It’s the age-old question: Why do people love heavy metal?
In particular, psychologists are trying to determine why people like death metal, that deep, aggressive, angular, loud, sharp music that would burn and burst the ear drums of others.
“Fretting parents assumed that if you listened to music with aggressively violent lyrics, you would inevitably act aggressively violent,” the AV Club reports. “Over the years, numerous studies have proven this thinking to be flawed.”
However, as is true of all good things, new research is questioning whether there’s some validity to this assumption.
Psychologist William Forde Thompson has a new report, published in Scientific American, that found that among 48 metal-heads and 97 non-fans, “fans of death metal reported experiencing feelings of ‘empowerment, joy, peace and transcendence’ while listening to the music rather than the expected feelings of anger or tension” that some believed was rooted in loud, aggressive music.
People who didn’t enjoy or welcome the loud music were more inclined to feel angry or uneasy, including at least one person who described the music as “ sounding like ‘messed-up teenagers making throaty, irritating noises about how bad their lives are,’” the study said. This underscores that there’s a sharp divide between those who like to throw up the devil horns and head bang and those who’d rather listen to something a little calmer, nicer and less aggressive.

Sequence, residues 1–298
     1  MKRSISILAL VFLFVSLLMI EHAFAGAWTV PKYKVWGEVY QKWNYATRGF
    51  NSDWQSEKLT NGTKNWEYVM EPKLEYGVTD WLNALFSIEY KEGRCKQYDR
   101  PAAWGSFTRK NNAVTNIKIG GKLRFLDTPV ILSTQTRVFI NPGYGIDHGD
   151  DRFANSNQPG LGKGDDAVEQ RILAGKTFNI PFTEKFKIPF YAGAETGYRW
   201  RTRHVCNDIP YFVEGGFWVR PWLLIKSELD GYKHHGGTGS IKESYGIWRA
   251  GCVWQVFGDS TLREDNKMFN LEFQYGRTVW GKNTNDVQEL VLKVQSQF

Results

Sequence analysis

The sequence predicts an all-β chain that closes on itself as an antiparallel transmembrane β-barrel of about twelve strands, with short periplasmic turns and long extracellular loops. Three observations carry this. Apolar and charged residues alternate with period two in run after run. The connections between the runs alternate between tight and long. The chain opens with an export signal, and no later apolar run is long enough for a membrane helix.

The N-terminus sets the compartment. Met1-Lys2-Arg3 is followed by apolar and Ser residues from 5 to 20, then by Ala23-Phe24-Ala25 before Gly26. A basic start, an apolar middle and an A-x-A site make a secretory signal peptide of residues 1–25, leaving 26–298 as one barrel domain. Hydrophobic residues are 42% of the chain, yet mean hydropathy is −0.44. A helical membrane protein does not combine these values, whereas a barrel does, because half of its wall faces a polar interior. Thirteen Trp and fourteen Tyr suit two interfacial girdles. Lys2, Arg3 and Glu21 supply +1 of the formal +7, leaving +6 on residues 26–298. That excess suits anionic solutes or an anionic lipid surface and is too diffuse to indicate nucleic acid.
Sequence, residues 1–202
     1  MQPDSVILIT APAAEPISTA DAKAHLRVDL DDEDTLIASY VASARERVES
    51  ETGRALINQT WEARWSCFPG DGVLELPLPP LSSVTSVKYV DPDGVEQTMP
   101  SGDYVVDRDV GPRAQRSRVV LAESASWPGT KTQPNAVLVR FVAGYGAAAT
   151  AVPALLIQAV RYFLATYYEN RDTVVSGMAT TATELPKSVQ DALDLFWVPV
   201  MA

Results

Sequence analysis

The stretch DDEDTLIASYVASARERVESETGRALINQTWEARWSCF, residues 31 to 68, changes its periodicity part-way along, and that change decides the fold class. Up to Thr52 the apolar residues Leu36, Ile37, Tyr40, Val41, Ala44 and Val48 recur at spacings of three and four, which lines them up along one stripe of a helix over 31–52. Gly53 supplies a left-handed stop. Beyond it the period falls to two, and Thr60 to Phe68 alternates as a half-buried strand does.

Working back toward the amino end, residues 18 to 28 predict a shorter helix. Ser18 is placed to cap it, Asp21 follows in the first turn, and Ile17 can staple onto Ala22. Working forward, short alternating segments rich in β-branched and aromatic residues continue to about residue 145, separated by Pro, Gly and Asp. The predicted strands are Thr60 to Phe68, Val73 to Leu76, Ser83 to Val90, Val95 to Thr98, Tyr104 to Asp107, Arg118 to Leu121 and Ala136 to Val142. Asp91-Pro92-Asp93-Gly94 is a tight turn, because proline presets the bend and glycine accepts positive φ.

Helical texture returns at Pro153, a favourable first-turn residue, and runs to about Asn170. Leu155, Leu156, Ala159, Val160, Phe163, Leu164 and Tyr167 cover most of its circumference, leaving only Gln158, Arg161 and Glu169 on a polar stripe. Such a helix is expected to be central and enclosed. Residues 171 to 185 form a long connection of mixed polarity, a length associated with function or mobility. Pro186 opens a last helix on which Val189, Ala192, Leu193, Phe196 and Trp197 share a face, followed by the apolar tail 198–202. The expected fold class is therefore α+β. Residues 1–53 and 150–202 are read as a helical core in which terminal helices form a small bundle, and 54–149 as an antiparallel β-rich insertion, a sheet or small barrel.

“While Thompson is willing to admit that a study that relies on self-reporting is far from conclusive, he does think this sharp divide between fans and non-fans is part of the appeal of death metal,” the article says. “Heavy metal fans like to feel like non-conformists, and if the brutal lyrics and pounding blast beats keep mainstream music fans at a distance, so much the better.”
Put another way: “The ubiquitous stereotype of death metal fans — fans of music that contains violent themes and explicitly violent lyrics — (is) that they are angry people with violent tendencies… What we are finding is that that they are not angry people. They’re not enjoying anger when they listen to the music, but they are in fact experiencing a range of positive emotions.”